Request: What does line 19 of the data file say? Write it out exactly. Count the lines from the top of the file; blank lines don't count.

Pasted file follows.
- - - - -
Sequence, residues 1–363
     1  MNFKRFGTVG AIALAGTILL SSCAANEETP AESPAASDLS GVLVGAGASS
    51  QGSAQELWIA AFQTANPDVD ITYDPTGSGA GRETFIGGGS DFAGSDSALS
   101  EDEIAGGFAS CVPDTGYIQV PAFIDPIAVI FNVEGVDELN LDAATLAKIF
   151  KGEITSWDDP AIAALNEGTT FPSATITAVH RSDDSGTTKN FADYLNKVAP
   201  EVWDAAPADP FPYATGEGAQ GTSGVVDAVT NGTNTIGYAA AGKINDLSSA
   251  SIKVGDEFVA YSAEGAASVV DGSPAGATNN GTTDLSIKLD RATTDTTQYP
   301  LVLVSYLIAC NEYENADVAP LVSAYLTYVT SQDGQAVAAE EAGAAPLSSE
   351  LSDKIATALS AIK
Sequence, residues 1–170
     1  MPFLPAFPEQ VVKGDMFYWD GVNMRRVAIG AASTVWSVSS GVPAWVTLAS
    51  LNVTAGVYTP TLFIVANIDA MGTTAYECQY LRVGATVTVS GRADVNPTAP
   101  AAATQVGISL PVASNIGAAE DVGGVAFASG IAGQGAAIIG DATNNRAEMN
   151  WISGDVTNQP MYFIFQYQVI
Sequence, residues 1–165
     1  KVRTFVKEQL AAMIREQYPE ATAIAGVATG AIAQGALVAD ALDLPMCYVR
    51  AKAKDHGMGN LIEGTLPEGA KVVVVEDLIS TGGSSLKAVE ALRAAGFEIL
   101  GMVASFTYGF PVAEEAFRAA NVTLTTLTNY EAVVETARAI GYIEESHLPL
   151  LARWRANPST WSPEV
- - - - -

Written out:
   151  LARWRANPST WSPEV